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It was a self satisfying arm ache of a fight and by the time we came to net it we could see why. It was a big female, 10lb+, the thorniest fish you had ever seen! Amazingly, and neither of us had ever seen this before – the fish had been caught on another separate set of tackle… Not 30 minutes before, and due to a very old reel! Dad had cast a beautiful squid bait in the same direction only for it to snap mid cast, the line was old and even as it hit the water he was frustrated not with the line, but because the bait looked so nicely presented on the hook, turns out it was perfectly presented and the fish had taken the bait and dragged the rig down with the tide right into the path of the second cast where it had become snagged on his next anchored bait. No time to wait though his second rod was bouncing around and with the first fish in the boat he turned to the second of his three rods. I had also spotted a bite on my rods, the small one again but with one fish in the boat I took the opportunity to reel my fish in. I landed my Whiting (another one for the pot) and Dad was still struggling with his fish.. That look of “what is this” on his face.. It surfaced and whilst he had been landing his lady Roker, a 5 – 6lb Cod had taken his other bait. I eventually landed the Cod (after a small issue with catching the lead weight first) and finally we had a breather.

Three of our 6 rods were out of the water but in a five minute period we had a 10lb+ Thronback’s, a 6lb Cod and a sizeable Whiting! Not bad!

Throughout the next hour the rods did not stop, I had three more Roker including a 10lb+ female, as well as a healthy bag of Whiting. An hour or so passed and we were into the last hour or two of the Ebb tide. Not 5 minutes after Dad reminded me that this was when we had a few male Thronback’s last time.. The rods started bouncing around again. It appears that as the fish come off the sands the big females are the first to head to the deep water and an hour or so after the females have left and before the tide changes, the Males eventually trundle off..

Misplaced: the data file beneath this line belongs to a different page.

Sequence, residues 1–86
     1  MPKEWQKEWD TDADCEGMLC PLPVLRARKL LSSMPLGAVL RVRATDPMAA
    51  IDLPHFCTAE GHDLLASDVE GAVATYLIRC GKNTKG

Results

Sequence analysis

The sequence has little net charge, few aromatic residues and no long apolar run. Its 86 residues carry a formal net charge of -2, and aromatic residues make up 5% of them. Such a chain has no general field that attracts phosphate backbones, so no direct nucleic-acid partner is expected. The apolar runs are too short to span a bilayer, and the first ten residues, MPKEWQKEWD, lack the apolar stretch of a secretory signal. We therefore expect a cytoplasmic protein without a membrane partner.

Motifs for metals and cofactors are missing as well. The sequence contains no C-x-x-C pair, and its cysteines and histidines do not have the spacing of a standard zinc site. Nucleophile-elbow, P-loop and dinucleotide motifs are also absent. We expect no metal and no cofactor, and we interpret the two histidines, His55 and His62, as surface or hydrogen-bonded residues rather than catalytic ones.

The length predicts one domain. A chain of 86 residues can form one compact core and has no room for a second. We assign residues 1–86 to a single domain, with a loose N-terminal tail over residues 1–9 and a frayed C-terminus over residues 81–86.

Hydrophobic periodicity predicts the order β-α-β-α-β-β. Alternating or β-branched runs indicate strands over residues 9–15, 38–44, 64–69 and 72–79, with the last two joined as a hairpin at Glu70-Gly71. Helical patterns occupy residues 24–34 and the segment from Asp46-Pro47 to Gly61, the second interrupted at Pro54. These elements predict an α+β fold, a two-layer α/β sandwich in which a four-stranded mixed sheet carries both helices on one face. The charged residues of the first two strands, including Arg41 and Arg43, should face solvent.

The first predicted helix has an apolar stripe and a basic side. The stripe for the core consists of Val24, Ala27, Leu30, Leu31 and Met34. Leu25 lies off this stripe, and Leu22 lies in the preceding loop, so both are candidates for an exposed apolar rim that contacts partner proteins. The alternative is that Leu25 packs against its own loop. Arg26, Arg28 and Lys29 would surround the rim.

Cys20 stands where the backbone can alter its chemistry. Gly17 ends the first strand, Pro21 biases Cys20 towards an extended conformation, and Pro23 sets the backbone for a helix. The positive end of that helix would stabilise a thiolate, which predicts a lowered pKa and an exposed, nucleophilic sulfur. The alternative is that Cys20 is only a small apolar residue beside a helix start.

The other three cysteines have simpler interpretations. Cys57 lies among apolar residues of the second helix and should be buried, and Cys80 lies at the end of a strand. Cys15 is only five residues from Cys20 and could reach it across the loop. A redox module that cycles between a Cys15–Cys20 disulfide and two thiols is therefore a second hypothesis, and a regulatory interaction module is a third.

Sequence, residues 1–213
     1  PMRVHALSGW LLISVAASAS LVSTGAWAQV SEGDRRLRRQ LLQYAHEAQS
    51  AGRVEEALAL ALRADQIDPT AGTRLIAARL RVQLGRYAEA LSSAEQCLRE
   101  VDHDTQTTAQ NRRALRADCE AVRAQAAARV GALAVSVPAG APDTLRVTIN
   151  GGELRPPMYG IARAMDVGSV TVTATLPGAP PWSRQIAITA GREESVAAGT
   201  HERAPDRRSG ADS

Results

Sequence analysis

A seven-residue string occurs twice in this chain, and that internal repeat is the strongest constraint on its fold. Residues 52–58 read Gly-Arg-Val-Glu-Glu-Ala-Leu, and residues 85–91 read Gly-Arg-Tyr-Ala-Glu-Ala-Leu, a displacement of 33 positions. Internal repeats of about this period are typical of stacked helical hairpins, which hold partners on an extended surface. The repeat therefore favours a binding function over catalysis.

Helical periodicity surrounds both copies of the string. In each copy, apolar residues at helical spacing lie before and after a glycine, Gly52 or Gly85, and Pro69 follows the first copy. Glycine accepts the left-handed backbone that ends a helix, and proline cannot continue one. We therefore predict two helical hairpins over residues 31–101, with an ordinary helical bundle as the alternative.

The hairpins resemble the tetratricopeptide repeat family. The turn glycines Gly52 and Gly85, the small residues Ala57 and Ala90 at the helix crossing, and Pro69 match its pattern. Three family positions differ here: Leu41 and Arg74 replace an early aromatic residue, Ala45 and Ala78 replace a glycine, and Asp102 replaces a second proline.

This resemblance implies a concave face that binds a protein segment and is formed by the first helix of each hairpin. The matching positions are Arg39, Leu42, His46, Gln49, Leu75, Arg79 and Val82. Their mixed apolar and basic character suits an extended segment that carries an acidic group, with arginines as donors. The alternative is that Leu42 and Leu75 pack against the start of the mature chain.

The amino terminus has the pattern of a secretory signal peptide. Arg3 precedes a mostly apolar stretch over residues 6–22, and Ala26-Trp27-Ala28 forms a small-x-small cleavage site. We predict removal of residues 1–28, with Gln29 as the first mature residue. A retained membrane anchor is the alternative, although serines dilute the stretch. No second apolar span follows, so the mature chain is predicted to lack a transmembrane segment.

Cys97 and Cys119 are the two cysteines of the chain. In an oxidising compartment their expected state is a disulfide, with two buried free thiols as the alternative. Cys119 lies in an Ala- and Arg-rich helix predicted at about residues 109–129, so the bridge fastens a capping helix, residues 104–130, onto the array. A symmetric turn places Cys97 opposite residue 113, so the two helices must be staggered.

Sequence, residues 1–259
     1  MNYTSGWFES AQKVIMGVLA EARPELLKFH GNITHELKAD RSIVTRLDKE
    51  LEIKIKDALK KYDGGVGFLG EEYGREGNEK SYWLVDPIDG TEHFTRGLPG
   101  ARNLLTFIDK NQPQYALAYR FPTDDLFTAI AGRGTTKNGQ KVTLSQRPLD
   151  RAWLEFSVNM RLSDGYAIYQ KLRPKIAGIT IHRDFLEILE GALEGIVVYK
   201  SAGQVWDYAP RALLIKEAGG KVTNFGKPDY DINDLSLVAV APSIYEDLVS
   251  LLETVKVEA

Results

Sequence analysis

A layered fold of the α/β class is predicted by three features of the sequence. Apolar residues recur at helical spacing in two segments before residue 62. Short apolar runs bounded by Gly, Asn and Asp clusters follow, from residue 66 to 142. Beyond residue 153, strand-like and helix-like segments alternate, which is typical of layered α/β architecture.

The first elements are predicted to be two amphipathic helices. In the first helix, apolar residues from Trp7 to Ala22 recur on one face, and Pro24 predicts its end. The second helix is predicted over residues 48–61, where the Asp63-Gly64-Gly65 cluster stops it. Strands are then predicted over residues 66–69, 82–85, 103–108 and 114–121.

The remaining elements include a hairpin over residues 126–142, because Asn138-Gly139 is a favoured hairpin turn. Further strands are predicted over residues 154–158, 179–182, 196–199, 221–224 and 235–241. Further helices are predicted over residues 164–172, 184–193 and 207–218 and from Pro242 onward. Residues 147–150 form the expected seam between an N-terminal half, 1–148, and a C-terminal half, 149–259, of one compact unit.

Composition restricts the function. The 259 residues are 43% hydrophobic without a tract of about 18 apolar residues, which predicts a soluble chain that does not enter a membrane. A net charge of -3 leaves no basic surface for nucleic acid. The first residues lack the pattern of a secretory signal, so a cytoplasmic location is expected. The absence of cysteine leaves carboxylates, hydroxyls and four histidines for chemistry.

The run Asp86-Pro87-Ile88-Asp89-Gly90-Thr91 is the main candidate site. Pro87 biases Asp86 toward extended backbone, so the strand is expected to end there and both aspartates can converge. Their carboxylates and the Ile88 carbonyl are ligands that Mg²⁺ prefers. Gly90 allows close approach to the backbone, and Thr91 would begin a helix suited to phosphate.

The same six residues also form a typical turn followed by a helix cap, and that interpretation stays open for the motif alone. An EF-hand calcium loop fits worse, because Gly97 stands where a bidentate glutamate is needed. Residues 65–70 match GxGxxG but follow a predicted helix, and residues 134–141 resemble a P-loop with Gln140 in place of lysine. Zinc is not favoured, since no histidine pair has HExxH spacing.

The last hour was again frantic, the bites were timid but as the more aggressive males started to take the bait they got better.

Although we were fishing with three types of bait it was the Squid that was catching everything!

Then near the end of the Ebb, my little Bass rod took a little knock, it had looked like another Whiting had turned on it in the tide, hit it and missed it. 10 minutes later I decided to reel it in… As I started to struggle with the light rod and reel my Dad started to laugh, what I had not wanted to happen had and it felt like I was reeling in a carrier bag or a Roker had got onto the line!! 5 minutes later, after gently pumping the fish in on this light tackle a 5lb Male Roker came in tail first, the gear had held up and the fish was now in the boat.

We had been listening to the Charter boats radio chatter all day and it sounded that most of the boats had given up and where heading back – except one boat that was off of Clacton pier where one of the fisherman on board had landed an enormous Cod of 17 1/2lb! The difference between us and most if the fishing fleet is that we had fished our mark and sat through the quiet period. Charter boats most of the time are unable to do this, after all they have a paying crowd on board and they need to be fishing or looking for fish the whole time. This time our patience paid off, and we were on the fish most of the day.

The day ended with another codling and a Roker on the last cast, although it felt like the fishing was coming back on we had a two hour motor back into shore and it was going to be dark by the time we got back, so we set off.

The day ended with a tally of 9 Roker with two fish breaking double figures, a cod and codling (6lb and 4 lb), 9 Whiting and a fat Pouting!

Finally our new year's fishing resolution had begun and four species removed from the list and a freezer each full of fish it had been a great day!

New Years Fishing Resolution tally – Thornback Ray, Cod or Codling, Whiting and Pouting.